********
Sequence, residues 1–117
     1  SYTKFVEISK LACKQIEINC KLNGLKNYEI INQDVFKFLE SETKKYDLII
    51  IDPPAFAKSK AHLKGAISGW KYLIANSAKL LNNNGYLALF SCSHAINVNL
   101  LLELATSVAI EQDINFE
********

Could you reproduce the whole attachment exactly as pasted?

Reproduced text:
Sequence, residues 1–117
     1  SYTKFVEISK LACKQIEINC KLNGLKNYEI INQDVFKFLE SETKKYDLII
    51  IDPPAFAKSK AHLKGAISGW KYLIANSAKL LNNNGYLALF SCSHAINVNL
   101  LLELATSVAI EQDINFE